If pressure from the Taliban was a new factor, 2022 elections in the Indian part of Punjab—the province of the same name—appears to be the trigger for change in New Delhi. All major parties, including Indian Prime Minister Narendra Modi’s Bharatiya Janata Party, have called for a reopening of the Kartarpur corridor. The traditional celebration of Guru Nanak’s birthday this Friday added to the urgency.

Although the demand for easy access to Nanak’s birthplace has been as old as the Partition of India, the issue has been caught up in the persistent conflict between India and Pakistan. Then-Indian Prime Minister Atal Bihari Vajpayee proposed the corridor in 1999, but it was hard to get it going.

In 2018, the corridor proposal was revived by Pakistani Army Chief Gen. Qamar Javed Bajwa. Khan, who had just been elected prime minister, was enthusiastic in his support. The 550th birth anniversary celebrations of Nanak in 2019 provided the political context. In India, the offer was viewed with much suspicion given Pakistan’s long record of supporting militant Sikh groups fighting for Punjab’s secession from India.

Modi, recognizing the initiative’s enormous importance for India’s Sikhs, moved quickly to accept the corridor proposal and set the terms of building it. It was implemented in November 2019, and despite intensified tensions over Kashmir, the Kartarpur corridor endured until the start of the COVID-19 pandemic.

Bajwa seems to have been the driving force behind other recent attempts to de-escalate relations with India. He blessed a back-channel engagement that produced a surprising cease-fire agreement in Kashmir earlier this year. The military cease-fire was backed by a political commitment to “address each other’s core issues and concerns which have propensity to disturb peace and lead to violence.” Indeed, expectations that the two sides will take additional steps to engage each other’s “core issues”—cross-border terrorism for India and Kashmir for Pakistan—quickly rose.

Optimism about Indian-Pakistani relations were boosted by two other developments. In a major speech in March, Bajwa called for reorienting Pakistan’s foreign policy away from geopolitics and toward geoeconomics. He emphasized the importance of good neighborly relations with Afghanistan and India. A few weeks later, Pakistan loosened the ban on trade, announcing it would import sugar and cotton from India, which offers competitive prices and easy access. But Khan quickly reversed the decision, and a familiar chill seemed to descend on relations between the two countries once again.

Since then, there has been much speculation about differences between Bajwa and Khan over India policy and foreign policy more generally. While Bajwa seemed to be exploring a way out of the Kashmir stalemate with India, Khan’s demands of Modi have been maximalist—a complete reversal of India’s 2019 constitutional amendment that changed the political status of Kashmir within India.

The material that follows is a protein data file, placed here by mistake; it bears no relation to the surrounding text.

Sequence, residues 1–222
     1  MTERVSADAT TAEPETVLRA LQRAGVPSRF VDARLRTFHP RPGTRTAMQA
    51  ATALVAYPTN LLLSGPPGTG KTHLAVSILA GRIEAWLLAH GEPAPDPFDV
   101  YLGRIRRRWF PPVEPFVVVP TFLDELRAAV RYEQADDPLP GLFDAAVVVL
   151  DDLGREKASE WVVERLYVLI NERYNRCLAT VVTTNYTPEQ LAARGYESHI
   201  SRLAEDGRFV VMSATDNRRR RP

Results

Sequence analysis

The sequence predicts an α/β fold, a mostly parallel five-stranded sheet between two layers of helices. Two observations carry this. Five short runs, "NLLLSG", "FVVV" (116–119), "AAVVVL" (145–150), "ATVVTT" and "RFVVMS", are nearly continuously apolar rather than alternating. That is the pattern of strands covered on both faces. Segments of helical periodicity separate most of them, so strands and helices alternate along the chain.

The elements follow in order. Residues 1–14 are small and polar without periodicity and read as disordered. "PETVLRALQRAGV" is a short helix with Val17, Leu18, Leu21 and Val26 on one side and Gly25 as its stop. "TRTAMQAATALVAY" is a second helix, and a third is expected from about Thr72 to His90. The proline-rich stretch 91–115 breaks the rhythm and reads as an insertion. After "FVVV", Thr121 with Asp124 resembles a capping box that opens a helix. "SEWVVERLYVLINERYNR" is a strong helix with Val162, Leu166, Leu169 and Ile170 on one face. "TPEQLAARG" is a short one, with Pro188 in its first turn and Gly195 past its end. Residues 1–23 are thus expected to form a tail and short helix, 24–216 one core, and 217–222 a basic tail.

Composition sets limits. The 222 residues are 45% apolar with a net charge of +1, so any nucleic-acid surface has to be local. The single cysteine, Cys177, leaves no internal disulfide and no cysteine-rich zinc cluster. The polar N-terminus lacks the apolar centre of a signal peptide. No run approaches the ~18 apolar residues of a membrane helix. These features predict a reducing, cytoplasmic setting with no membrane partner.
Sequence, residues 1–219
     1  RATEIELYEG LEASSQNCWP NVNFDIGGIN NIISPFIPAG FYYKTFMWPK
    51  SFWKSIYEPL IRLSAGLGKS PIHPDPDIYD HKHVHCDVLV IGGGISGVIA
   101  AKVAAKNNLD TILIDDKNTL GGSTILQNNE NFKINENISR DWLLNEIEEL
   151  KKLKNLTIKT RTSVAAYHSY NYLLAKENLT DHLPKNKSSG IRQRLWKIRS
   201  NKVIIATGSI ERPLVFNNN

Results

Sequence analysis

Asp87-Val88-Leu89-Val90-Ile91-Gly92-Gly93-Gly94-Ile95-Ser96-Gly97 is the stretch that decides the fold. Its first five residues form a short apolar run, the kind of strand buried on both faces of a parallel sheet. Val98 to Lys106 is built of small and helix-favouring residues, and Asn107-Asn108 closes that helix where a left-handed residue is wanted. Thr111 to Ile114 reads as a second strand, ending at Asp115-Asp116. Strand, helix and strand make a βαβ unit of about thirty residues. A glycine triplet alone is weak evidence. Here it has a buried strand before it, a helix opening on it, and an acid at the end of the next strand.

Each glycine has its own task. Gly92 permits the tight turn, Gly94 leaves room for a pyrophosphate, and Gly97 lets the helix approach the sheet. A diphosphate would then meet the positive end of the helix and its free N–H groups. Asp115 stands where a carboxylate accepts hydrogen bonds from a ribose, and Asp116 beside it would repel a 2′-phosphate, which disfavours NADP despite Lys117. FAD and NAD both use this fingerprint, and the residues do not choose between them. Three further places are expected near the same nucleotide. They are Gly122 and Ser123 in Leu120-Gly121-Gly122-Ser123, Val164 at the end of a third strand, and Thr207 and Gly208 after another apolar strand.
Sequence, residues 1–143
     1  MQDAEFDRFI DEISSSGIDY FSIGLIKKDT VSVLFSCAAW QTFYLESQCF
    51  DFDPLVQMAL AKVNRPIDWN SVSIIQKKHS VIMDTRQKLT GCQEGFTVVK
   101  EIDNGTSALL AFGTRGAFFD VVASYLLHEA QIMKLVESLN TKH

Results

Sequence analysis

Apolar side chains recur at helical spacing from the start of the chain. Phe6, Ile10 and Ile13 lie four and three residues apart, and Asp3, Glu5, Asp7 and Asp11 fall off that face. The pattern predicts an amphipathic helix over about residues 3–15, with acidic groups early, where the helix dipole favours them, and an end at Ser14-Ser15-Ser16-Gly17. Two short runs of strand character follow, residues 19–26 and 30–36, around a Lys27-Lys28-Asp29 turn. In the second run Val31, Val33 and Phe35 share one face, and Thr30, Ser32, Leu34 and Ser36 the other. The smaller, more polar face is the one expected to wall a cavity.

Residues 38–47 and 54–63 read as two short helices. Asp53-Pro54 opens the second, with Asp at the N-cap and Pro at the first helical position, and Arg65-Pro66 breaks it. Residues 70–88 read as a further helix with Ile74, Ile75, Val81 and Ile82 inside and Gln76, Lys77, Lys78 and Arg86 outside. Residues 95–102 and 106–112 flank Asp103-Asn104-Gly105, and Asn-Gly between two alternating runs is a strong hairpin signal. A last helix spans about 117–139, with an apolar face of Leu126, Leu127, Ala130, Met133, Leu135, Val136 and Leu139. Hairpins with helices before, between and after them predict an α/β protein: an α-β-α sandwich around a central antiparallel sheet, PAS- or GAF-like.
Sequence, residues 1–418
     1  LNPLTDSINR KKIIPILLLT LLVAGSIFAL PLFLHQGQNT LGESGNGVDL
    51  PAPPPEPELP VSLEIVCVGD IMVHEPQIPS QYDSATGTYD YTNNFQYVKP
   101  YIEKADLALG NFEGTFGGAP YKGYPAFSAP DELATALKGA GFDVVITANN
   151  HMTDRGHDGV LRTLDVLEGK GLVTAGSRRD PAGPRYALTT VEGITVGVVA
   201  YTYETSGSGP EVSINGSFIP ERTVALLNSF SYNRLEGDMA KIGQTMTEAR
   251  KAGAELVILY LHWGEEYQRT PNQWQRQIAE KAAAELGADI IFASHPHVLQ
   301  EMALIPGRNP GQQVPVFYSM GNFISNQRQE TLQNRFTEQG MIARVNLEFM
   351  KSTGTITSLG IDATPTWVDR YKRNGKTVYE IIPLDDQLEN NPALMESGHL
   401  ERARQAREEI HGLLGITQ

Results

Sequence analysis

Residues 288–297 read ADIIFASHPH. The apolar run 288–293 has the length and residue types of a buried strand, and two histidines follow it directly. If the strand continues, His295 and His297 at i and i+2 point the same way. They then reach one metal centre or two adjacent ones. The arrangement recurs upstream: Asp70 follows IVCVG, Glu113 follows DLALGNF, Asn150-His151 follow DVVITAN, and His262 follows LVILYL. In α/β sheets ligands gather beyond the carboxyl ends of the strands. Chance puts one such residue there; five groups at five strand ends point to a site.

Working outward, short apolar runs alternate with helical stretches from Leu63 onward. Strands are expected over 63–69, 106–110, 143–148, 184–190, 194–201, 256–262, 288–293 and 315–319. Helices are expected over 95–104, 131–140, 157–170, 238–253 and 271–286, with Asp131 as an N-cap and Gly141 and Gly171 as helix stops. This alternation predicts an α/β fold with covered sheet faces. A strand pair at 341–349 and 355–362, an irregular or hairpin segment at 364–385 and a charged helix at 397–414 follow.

Interestingly, the differences between Bajwa and Khan seem to have flipped the traditional political divide in Pakistan—normally, military hard-liners held back civilian leaders attempting to engage India. However, today it’s the other way around. Now, Bajwa seems more open than Khan to a positive relationship with India as he looks at Pakistan’s long-term challenges.

This summer, India returned to Pakistan’s back burner as the Afghan situation evolved rapidly. Meanwhile, tensions between Bajwa and Khan escalated over the appointment of a new chief for Pakistan’s powerful intelligence agency: the Inter-Services Intelligence. Bajwa won that round—and his nominee, Lt. Gen. Nadeem Anjum, is set to take charge at the end of this week.

Will that victory over Khan allow Bajwa to regain the policy initiative on India as well? Can he overrule Khan’s veto and revive the Bajwa doctrine on calming tensions? On the Indian side, Modi has enough political capital to overcome any opposition to peace moves with Pakistan. He can easily pick up the threads from the cease-fire and trade initiatives earlier this year.

For Bajwa, a battered economy and deepening difficulties with domestic militant groups should make even a brief respite in the conflict with India welcome. For Modi, the steady escalation of the border crisis with China that began in early 2020 should make a pause in tensions with Pakistan quite attractive. Even if optimism must be kept in check, there is no denying that the opening of the Punjabi frontier suggests new possibilities for a further easing of Indian-Pakistani relations.

C. Raja Mohan is a columnist at Foreign Policy, the director of the National University of Singapore’s Institute of South Asian Studies, and a former member of India’s National Security Advisory Board. Twitter: @MohanCRaja